A Tale of Scale: How Wintel Rode Profusion to the Glass House
- By Scott Bekker
For a long time it was safe to write off Wintel as a scalable platform.
But, for the last three years, a combination of factors have sent Microsoft Corp. and Intel Corp. careening toward the glass house at a rate that should give UNIX/RISC vendors pause and give IT executives reason to take notice of that upstart PC platform.
The lifecycle is winding down for a central player in Wintel scalability: Intel’s Profusion chipset. The eight-processor Profusion board provided a launching platform for nearly two years of rapid Wintel scalability gains.
Even as Profusion-based systems are being ushered out of the spotlight, new server system technologies are queuing up to take Windows and Intel more squarely into raw performance competition with the UNIX offerings from Sun Microsystems Inc., IBM Corp. and HP.
And, as the raw performance improves, Wintel is maintaining its price-performance edge over traditional UNIX systems.
In 1998, Windows NT was perceived as good only for four-processor servers. Benchmarks published with the Transaction Processing Performance Council (TPC), the most closely watched scalability benchmark, bore out the perception. Three eight-processor systems tested that year yielded anemic increases in scalability of 34 percent to 42 percent better than their four-processor counterparts on the TPC-C benchmark, a test of OLTP scalability.
Opinion was mixed on whether it was the operating system; Microsoft’s flagship database, SQL Server 6.5; or the hardware that was to blame for the poor results.
Early Signs Wintel Might Someday Be Credible
In 1999, a few positive signs emerged that Microsoft and Intel might be serious about creating enterprise-class systems with Windows NT on Intel. First, Microsoft began shipping SQL Server 7.0, a completely overhauled database.
Then Microsoft released its fifth Service Pack for Windows NT 4.0, a rollup of bug fixes that, unlike some previous service packs, fixed more problems than it created.
Intel delivered the Profusion chipset that it had been promising since acquiring the technology in 1997. At the same time, Intel shipped faster and faster processors, including 550 MHz Pentium III Xeons, a big improvement over the 200 MHz Pentium Pro processors the earlier eight-processor system benchmarks ran on.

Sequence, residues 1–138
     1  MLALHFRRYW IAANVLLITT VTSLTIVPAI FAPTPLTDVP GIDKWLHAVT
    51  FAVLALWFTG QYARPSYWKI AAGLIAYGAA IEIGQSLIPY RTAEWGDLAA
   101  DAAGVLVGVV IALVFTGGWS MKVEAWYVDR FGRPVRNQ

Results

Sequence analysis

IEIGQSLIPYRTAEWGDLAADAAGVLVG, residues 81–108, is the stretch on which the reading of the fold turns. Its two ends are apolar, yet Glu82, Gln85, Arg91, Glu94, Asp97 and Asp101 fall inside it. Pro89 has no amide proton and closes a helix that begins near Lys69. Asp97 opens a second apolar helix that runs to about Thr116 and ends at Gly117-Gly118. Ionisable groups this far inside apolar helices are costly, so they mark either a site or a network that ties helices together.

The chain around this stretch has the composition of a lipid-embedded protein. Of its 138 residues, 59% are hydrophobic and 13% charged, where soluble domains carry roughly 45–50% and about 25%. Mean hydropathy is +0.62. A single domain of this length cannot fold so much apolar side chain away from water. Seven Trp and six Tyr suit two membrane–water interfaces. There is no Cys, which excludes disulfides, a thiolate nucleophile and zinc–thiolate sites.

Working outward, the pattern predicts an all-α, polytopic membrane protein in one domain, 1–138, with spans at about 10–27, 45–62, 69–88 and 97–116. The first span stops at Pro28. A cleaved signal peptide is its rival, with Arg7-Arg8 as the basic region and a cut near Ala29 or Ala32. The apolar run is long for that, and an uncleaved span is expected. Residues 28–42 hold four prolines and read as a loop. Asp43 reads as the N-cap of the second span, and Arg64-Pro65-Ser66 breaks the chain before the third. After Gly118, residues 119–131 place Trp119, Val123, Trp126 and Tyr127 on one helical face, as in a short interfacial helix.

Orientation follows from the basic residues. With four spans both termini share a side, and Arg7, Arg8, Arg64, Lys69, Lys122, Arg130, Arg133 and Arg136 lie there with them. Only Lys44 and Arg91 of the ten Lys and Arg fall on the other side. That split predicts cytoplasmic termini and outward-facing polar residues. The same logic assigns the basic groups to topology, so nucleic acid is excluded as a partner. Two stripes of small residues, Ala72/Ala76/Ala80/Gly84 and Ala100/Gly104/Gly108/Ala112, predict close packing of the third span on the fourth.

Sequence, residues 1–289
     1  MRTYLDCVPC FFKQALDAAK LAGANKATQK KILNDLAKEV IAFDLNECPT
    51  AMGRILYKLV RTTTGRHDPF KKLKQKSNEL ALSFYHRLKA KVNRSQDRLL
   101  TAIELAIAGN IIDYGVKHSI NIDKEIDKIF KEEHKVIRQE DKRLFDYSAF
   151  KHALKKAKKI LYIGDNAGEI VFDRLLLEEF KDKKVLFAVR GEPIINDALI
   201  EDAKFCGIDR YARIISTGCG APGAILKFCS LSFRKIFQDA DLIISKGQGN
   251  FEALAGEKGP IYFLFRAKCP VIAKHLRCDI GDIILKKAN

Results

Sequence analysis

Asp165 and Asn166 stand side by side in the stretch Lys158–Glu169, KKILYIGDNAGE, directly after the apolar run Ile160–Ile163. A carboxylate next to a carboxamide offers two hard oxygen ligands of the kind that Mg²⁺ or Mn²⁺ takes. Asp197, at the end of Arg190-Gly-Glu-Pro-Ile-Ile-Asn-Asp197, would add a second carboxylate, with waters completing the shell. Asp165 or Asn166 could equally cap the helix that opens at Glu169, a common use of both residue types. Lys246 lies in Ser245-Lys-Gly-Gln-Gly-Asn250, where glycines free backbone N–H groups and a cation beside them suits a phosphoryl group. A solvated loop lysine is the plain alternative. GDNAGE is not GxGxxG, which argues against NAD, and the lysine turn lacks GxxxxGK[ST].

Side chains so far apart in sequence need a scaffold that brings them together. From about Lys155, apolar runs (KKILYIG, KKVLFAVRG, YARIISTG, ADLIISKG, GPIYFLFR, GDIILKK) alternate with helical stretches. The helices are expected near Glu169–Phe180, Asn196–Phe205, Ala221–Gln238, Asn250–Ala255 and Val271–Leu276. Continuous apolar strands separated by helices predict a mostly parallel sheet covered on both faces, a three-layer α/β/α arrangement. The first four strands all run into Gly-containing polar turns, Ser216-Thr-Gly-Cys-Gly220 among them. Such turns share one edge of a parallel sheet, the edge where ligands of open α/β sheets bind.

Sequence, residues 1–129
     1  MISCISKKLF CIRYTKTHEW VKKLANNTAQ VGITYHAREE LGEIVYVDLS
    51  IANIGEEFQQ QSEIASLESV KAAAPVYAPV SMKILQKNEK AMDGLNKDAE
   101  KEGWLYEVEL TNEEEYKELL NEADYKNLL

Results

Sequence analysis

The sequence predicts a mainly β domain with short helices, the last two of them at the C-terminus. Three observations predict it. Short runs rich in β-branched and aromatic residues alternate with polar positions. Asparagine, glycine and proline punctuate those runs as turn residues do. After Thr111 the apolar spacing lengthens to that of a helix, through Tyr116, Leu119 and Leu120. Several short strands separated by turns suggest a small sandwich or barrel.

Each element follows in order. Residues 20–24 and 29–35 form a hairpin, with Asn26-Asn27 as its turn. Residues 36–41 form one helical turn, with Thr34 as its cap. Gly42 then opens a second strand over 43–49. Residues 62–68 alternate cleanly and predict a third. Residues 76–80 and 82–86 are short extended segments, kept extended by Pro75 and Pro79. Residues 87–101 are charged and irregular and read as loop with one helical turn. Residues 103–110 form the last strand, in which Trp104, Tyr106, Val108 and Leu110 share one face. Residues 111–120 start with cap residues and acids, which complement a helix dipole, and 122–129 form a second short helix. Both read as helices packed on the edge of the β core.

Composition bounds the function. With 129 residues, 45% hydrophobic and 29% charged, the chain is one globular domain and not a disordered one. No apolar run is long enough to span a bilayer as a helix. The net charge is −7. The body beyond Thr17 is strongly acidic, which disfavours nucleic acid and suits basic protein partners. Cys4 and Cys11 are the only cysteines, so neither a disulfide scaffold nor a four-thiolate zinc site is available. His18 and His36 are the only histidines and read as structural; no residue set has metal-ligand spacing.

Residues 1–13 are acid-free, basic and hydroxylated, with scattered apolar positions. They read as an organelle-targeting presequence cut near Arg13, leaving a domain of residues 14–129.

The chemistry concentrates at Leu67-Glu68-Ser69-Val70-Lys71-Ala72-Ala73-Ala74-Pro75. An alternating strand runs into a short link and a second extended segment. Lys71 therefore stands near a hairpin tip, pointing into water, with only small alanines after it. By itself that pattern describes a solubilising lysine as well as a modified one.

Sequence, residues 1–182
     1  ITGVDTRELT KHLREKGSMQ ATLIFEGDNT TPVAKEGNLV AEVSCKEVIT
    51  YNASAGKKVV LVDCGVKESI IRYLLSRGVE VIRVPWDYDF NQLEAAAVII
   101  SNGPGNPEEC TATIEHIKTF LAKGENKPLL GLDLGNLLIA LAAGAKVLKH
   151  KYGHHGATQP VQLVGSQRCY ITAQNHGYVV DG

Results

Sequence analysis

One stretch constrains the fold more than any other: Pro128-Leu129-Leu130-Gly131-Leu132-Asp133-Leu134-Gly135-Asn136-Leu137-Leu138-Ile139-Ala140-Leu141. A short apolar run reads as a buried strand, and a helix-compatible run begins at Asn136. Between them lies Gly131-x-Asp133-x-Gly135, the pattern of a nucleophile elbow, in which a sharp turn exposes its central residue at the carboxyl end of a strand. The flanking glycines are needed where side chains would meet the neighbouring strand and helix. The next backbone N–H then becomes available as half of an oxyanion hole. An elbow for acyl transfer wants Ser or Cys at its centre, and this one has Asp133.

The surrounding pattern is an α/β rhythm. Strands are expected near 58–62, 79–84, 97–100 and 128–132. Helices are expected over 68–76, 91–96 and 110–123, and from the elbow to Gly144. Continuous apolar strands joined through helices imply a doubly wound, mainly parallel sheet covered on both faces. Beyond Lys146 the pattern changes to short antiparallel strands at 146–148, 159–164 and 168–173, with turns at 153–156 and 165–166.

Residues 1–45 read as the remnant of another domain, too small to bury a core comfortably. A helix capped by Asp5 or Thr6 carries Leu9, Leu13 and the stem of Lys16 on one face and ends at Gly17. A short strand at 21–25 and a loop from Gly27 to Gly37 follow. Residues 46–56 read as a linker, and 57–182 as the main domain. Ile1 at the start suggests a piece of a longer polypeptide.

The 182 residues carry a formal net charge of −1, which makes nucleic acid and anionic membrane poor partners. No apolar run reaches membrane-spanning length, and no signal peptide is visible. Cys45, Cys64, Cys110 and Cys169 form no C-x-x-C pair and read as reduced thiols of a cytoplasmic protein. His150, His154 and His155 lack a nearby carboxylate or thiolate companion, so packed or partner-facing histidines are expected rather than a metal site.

Unisys Corp. ran the first Windows NT 4.0/SQL Server 7.0 benchmark on an eight-processor Profusion system, and the results showed a 55 percent performance improvement over the best comparable four-processor Windows system of the time.
The result caused Giga Information Group Senior Analyst Brad Day to enthuse: "What’s really pretty exciting about this is that this is really the first time that a Wintel solution has been able to cross the threshold into the UNIX/RISC environment."
The usual finger-pointing about whether Microsoft scalability limitations rested with the operating system, the database or the hardware was no longer necessary. The Wintel architects had a chipset they could build on.
The 2000 Generation
Expected since 1998, Microsoft finally delivered the upgrade to Windows NT 4.0 in February 2000. Early adopters of Windows 2000 reported the same levels of reliability and stability that users found with Windows NT 4.0 Service Pack 5.
Intel cranked out faster processors, including 700 MHz Pentium III Xeons for four- and eight-processor servers.
Meanwhile, Microsoft readied two pieces of software heavily focused on the data center. One was Windows 2000 Datacenter Server, an operating system tuned for big systems with support for up to 32 processors and 64 GB of RAM.
The other product was a database robust enough to support Datacenter Server – SQL Server 2000. Both products launched in late September.
All through the year, OEMs ran TPC-C tests of Profusion-based eight-processor systems running Windows 2000 and SQL Server 2000. Dell, Fujitsu-Siemens, Compaq and IBM showed steadily improving scores.
The final TPC-C score of the year, posted by Unisys, was a 62 percent improvement over the first Profusion-based benchmark. The linear scalability versus four-way systems had improved, as well. The system performed 72 percent better than a similarly configured four-processor server.
Profusion Reaching Its Limit
This March, Intel released the final Pentium III Xeon processor: the 900 MHz.
Intel’s position is that the 900 MHz processor, with its 29 percent jump in clock speed over the 700 MHz, will bring significant performance increases.
"Obviously, the large frequency jump allows for a very large performance boost," says Shannon Poulin, Launch and Disclosure Manager in Intel’s enterprise platform marketing organization.
Jerry Buggert, who runs Unisys’ system analysis modeling and measurement organization and is chairman of the TPC, doesn’t expect quite so much out of the chip.
"Even putting the 900 MHz Xeons into the Profusion chipset is a real shoehorn activity. You’re becoming very limited by the memory throughput at that point," Buggert says.